Clinical Correlation of Previously Undetected Cancer-Related Incidental Findings on CT Planning Scans for Radiation Therapy
AJR:197, November 2011
Jason Chao Ye Minh Tam Truong Lisa A. Kachnic Rathan M. Subramaniam Ariel E. Hirsch
OBJECTIVE. The purpose of our study was to determine the management and cancer outcome of incidental cancer-related findings reported on CT radiation treatment planning scans.
MATERIALS AND METHODS. We conducted a retrospective review of CT planning scans performed from 2004 to 2006 with diagnostic radiology reports. We previously found 45 (8%) cancer-related findings, defined as any previously unknown radiologic finding that could potentially change the staging or treatment of the cancer, in the 580 CT scans reviewed. This study further examines the cancer-related findings to identify their clinical significance, management, and cancer outcomes.
RESULTS. Eight (18%) of the 45 cancer-related findings prompted additional imaging, with negative findings and no cancer failure at the site of the cancer-related findings. Three (7%) cancer-related findings resulted in changes in cancer management without further im¬aging, including initiating induction chemotherapy instead of localized radiation, increasing the radiation dose to identified lymphadenopathy, and changing the sequence of local man¬agement to initial surgery followed by radiation. Two of these findings had local recurrence at the site of cancer-related findings. The remaining 34 (76%) cancer-related findings did not result in any additional action. With a median follow-up of 17 months (range, 2-67 months) from CT, there was a similar failure rate at the site of cancer-related findings in the groups without (15%) and with (18%) additional action.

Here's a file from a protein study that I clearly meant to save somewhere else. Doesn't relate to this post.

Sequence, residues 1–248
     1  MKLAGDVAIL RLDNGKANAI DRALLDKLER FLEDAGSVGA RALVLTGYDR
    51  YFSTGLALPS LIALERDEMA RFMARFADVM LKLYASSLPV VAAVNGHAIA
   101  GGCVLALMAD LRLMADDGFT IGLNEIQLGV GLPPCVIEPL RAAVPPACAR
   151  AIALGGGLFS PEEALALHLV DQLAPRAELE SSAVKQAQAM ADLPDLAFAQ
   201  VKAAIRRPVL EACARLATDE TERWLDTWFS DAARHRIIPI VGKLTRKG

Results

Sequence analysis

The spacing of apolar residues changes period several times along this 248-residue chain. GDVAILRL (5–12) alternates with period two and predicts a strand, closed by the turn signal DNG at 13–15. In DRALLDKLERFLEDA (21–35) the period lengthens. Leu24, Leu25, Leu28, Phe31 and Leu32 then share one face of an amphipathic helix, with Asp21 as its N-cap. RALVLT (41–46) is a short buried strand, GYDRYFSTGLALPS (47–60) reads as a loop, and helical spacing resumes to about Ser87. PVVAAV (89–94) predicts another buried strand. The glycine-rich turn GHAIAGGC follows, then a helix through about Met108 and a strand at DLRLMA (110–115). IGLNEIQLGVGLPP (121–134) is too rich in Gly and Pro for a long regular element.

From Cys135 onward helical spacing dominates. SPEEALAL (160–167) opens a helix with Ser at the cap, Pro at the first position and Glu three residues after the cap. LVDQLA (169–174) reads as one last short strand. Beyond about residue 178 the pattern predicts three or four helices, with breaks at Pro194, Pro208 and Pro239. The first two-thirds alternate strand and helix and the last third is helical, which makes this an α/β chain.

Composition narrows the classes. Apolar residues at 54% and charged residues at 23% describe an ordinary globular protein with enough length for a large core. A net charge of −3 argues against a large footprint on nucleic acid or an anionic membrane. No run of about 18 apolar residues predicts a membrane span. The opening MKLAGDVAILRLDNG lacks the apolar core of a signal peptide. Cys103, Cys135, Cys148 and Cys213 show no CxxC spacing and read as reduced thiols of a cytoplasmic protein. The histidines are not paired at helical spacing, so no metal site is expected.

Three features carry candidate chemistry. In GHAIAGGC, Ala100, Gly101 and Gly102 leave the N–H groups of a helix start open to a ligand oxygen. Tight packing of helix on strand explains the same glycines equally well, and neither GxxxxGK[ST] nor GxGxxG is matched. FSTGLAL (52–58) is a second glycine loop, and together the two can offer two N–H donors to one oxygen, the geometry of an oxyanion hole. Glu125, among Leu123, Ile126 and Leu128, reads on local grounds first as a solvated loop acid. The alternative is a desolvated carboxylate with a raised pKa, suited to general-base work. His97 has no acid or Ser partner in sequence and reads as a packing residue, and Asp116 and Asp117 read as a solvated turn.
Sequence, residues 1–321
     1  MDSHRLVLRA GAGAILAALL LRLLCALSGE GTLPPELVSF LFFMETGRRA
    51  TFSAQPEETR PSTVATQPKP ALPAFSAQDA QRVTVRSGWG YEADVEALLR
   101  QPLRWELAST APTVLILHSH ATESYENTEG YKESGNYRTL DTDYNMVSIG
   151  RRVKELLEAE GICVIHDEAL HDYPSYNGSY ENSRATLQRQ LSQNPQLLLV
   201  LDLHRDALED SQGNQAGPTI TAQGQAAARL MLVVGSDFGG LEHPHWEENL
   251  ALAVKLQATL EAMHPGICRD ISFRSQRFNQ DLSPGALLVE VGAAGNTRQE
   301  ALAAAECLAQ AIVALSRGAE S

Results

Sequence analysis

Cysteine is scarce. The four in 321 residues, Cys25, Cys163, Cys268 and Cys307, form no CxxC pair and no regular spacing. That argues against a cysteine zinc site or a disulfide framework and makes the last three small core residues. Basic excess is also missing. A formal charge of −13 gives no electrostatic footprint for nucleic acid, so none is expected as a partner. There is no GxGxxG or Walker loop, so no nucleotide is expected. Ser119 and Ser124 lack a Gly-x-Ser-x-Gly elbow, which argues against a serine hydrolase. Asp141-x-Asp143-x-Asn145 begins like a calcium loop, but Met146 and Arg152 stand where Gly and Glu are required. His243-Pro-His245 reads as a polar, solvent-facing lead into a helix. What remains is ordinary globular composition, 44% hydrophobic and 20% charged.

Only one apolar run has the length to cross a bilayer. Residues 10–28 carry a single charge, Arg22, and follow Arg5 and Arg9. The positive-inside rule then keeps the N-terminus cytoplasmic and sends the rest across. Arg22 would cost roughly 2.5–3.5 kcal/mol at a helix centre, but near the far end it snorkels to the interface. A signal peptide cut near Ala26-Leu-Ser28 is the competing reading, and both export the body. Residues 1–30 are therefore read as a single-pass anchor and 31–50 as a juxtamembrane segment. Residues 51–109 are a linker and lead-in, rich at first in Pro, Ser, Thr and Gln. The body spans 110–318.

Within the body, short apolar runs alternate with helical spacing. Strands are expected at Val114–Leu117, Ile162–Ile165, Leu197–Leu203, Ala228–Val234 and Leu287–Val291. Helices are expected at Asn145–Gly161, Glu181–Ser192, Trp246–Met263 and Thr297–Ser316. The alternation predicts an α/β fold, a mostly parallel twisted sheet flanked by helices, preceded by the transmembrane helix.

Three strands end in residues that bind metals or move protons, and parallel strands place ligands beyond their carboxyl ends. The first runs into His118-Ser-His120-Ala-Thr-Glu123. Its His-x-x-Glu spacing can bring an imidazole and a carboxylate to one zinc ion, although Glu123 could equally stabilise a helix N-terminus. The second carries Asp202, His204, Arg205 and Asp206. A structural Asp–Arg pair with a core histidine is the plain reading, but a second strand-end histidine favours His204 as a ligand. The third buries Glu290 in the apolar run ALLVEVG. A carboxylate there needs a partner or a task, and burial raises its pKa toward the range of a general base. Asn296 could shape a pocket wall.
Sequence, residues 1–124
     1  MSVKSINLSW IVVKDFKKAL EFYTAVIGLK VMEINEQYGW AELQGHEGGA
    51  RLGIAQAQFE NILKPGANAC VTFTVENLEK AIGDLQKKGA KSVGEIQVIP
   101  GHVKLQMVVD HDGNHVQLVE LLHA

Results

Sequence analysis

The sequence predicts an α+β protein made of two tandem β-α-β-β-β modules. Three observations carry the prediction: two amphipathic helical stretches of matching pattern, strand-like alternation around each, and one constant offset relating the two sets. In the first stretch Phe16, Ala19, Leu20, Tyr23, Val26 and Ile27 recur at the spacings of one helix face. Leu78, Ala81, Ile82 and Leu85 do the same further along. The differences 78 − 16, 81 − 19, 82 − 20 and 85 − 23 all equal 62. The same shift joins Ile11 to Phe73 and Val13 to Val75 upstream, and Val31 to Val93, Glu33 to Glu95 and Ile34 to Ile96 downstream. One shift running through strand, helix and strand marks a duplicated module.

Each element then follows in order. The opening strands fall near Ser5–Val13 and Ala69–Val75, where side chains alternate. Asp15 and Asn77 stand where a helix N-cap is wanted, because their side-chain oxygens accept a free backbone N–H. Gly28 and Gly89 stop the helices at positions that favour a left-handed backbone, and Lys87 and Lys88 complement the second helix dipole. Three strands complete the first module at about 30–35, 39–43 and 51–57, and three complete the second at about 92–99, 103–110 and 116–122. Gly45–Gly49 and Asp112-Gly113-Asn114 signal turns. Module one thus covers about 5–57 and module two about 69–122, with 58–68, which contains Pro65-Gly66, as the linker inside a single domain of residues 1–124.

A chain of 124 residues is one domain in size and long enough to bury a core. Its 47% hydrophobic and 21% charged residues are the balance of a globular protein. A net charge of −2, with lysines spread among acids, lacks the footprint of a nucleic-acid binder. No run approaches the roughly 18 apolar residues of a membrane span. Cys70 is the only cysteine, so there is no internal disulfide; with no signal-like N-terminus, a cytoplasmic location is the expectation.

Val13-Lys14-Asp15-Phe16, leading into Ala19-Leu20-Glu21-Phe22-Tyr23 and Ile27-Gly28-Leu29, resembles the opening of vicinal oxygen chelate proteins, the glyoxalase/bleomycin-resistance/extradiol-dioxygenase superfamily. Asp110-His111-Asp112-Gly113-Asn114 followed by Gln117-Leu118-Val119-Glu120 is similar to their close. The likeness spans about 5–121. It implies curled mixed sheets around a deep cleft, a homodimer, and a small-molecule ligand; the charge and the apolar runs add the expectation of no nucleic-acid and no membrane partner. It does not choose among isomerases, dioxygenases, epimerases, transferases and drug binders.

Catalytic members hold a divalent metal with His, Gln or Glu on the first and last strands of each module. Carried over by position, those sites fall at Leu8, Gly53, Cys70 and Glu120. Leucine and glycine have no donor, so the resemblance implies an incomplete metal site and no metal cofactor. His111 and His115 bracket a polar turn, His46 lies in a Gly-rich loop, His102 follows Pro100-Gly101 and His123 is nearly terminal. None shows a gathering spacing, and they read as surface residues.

CONCLUSION. In our series, cancer-related findings identified by diagnostic radiology review of radiation planning CT scans are associated with low incidence of cancer manage¬ment changes and disease progression. However, the generalizability of this study is unclear because of the small number of cancer-related findings present.